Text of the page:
2. A program which has a type will not suddenly switch to doing something completely diffrerent, for instance, it will not return a string if its type is int.

What exactly this means in practice depends a lot on what sort of information is expressed by the types of the language. For example, since a well-typed program will not get stuck, we can be sure that it will not segfault, and it will not perform an invalid pointer dereference. This is quite useful to know. Many modern programming languages strive to provide this sort of guarantee, or actually have it in cases of programming languages that have formal definitions (SML).

There are other kinds of errors which we might try to prevent, for example division by zero. Since it is non-computable whether a particular operation will happen at runtime, we cannot expect that the compiler will simply figure out whether division by zero is possible. In order to recover the safety theorem in presence of division by zero we can introduce exceptions into the language and make sure that division by zero raises an exception (rather than encounters an undefined state). The safety theorem then says:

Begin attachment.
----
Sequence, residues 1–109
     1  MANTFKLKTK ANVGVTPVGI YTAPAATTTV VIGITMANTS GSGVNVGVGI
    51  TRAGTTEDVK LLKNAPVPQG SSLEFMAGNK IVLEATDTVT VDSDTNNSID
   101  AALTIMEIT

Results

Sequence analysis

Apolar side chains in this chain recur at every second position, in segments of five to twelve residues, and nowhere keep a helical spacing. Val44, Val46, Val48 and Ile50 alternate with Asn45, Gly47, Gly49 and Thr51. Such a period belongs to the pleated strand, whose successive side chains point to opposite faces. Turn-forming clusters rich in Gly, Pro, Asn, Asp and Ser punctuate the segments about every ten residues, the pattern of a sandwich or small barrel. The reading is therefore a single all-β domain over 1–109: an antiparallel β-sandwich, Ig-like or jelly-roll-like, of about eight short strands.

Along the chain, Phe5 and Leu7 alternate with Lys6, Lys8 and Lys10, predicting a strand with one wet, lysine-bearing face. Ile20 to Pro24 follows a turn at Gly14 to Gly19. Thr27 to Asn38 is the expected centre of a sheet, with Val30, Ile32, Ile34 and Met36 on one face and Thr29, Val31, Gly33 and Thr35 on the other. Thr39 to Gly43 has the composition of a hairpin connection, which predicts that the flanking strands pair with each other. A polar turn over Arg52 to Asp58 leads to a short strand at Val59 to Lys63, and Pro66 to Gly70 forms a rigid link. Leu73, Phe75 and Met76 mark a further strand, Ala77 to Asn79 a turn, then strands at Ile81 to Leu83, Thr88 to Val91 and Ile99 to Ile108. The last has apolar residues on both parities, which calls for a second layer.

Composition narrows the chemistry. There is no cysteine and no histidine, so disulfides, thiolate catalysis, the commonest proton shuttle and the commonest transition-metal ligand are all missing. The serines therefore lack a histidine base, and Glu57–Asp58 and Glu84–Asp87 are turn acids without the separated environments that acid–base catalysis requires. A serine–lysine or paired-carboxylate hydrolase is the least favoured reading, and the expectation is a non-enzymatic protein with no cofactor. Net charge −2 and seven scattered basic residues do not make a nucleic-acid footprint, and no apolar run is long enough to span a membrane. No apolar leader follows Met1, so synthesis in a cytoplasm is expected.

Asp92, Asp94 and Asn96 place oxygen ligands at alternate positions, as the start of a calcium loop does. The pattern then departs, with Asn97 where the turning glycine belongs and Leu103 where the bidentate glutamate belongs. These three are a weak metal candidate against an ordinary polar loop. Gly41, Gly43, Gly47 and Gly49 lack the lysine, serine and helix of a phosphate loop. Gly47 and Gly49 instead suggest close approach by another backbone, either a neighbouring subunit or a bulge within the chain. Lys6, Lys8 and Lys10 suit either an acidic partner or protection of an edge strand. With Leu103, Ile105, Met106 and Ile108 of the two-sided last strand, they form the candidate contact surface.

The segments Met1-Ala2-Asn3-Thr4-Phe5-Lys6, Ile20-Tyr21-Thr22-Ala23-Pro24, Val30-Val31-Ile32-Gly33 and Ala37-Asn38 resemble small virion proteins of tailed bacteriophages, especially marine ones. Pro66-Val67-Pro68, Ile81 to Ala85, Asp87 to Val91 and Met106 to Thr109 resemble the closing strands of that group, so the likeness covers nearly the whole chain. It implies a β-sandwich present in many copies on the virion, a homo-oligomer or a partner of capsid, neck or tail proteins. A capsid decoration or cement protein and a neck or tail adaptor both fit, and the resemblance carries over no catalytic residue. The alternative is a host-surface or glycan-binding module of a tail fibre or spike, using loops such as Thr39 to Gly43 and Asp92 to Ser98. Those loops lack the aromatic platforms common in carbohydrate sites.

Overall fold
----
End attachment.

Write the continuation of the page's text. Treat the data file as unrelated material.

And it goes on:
Safety theorem (with expcetions): If a program $P$ has type $T$, then it runs forever or terminates by either returning a value of type $T$ or raising an exception.

This sounds like cheating but is the best we can do with this sort of language. It is also a very common solution, also because exceptions are a generally useful programming concept (they are not errors, but rather a flow control mechanism). We can do slightly better if we allow the types to contain information about exceptions. Java does this with the throws declaration. Note however, that types cannot describe runtime exceptions exactly because that would make type checking non-computable.